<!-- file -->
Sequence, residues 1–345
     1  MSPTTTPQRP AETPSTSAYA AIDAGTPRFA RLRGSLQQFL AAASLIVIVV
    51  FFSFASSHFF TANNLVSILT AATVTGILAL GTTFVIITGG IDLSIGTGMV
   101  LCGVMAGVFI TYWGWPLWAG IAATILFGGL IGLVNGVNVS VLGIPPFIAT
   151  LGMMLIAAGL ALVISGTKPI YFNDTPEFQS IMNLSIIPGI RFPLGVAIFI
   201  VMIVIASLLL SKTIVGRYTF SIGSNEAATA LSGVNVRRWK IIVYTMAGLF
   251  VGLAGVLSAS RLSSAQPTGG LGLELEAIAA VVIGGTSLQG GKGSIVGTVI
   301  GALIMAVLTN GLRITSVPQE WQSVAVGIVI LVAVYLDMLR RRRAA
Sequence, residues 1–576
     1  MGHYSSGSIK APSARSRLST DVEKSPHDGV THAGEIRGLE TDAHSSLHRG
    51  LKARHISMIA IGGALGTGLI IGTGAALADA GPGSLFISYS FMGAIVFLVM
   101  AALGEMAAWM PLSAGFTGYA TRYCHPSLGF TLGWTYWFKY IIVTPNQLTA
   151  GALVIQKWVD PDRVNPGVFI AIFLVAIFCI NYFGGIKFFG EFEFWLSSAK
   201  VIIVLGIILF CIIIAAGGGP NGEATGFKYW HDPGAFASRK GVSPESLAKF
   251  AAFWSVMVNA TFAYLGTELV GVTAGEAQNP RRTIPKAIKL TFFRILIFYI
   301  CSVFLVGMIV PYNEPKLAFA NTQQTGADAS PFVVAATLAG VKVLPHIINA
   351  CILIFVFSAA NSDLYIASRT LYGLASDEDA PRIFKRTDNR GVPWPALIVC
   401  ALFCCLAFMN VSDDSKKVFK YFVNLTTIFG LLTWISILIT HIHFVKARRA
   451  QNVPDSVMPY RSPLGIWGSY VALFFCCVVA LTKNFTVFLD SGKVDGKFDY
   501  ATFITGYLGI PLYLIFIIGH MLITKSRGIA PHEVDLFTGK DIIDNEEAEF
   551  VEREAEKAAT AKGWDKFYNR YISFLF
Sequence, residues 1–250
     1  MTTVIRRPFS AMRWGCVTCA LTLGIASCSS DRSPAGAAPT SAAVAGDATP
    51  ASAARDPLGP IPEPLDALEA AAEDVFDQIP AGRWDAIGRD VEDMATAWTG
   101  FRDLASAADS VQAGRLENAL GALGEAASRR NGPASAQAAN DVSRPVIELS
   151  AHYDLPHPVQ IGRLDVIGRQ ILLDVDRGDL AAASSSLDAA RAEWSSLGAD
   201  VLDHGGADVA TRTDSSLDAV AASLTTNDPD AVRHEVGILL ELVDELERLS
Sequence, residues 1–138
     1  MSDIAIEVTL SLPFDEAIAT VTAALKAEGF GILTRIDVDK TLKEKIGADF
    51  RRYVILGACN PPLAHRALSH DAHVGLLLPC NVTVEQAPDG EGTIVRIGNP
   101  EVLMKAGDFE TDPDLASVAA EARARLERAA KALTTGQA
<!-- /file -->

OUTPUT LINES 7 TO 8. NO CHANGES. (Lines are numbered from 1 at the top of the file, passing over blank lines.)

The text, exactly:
   251  VGLAGVLSAS RLSSAQPTGG LGLELEAIAA VVIGGTSLQG GKGSIVGTVI
   301  GALIMAVLTN GLRITSVPQE WQSVAVGIVI LVAVYLDMLR RRRAA